November 9, 2008
Easy and so, so good you’d better have carryout bags for your guests. The basic recipe works with just about any kind of nuts. Just make sure you don’t burn them. Use your nose. When they start to smell toasty, they’re roasted.
PS You can get Szechuan peppers from mail-order houses like Penzys. Trust me, they’re worth the extra effort.
8 ounces unsalted pecan halves [or English walnuts]
1 T melted sweet butter
1 tsp sweet curry powder
1/4 tsp Szechuan peppers, crushed in a mortar and pestle
1 tsp honey
2 T finely chopped fresh rosemary
1 tsp sea salt or to taste
Pre-heat the oven to 375 degree F. Spread the nuts in one layer in a 9- by 13-inch baking pan and roast until fragrant and beginning to change color, 8 to 10 minutes. In a small saucier over very low heat, melt the butter. Add the curry powder, peppers, honey, and rosemary. Add the warm nuts and salt and toss until thoroughly coated.
Makes 1 1/2 cups.
December 8, 2007
To hard-cook eggs, warm them to room temperature, cover them with cold water in a saucepan, cover, and bring to a rolling boil. Turn off the heat and let them sit, still covered, for ten minutes. Drain them in a colander and let them cool before peeling.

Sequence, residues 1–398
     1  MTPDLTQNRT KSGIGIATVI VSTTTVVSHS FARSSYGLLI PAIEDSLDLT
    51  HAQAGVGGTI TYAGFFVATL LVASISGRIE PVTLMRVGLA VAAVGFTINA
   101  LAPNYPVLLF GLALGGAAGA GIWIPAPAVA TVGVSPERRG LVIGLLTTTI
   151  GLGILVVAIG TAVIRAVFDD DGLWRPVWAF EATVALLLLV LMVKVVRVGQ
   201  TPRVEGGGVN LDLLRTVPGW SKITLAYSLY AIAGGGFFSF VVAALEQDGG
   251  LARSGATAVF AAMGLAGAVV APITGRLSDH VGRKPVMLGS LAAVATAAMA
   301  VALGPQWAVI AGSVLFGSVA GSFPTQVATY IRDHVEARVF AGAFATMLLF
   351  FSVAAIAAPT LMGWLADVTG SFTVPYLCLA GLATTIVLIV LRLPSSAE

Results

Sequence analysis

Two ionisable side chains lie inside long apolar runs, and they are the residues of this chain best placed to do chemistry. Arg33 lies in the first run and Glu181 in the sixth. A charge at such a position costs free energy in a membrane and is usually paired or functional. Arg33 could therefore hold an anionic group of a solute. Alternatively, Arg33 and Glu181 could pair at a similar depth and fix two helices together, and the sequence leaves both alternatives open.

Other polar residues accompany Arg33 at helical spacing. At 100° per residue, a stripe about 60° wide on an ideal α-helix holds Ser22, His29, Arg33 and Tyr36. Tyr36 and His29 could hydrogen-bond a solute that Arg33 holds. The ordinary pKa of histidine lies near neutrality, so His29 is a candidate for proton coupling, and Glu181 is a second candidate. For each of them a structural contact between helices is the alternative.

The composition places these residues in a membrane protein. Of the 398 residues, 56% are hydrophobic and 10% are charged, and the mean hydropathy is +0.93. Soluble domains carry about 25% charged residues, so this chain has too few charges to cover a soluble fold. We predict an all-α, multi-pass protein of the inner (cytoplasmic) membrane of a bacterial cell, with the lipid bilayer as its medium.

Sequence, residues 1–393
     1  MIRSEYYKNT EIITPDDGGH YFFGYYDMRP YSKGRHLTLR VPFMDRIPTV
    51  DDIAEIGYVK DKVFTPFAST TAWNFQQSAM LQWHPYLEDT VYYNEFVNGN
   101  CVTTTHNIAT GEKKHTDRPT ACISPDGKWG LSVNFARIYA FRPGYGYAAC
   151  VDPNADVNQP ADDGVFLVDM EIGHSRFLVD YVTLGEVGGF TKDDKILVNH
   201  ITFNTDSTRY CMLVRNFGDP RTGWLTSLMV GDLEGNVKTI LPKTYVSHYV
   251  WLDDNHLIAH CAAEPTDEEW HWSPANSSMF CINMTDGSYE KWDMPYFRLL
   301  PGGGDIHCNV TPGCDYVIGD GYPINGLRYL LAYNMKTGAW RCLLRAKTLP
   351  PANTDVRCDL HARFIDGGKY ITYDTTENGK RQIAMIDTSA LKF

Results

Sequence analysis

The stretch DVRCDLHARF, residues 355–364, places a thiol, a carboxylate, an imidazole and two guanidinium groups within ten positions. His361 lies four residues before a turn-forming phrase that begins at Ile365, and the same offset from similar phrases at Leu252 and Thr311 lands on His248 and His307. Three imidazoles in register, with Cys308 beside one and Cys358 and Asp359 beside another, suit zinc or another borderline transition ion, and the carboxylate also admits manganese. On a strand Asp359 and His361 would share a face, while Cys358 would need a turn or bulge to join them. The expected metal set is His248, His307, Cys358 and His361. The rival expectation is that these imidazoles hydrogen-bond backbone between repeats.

December 4, 2007
Peeling raw winter squash or pumpkin is not easy, but they are so good roasted you’ll be glad you made the effort. If the peel is tender enough, you can use a vegetable peeler. Otherwise, use a sharp chef’s or butcher knife and a chopping block or cutting board. The knife will be difficult to control. Be sure to cut away from your hands. If the squash is curvy, slice it at the equator of the largest curve, lay the flat side down, and, again, cut away from your hands. If there is any greenish under-peel left, remove it with a vegetable peeler.
November 19, 2007
Before pouring cornbread batter into a preheated, greased iron skillet, test the grease with a small drop of batter. If the batter sizzles loudly, the skillet is hot enough to form a good crust.
October 31, 2007
Here’s an easy way to clean leeks: Trim away the heavy green part of the leaves. Leaving the roots intact, slice the leeks into quarters from roots to tips. Rinse under running water and place upside-down in a sieve in a large bowl of cold water. Soak for 30 minutes or until free of sand and dirt.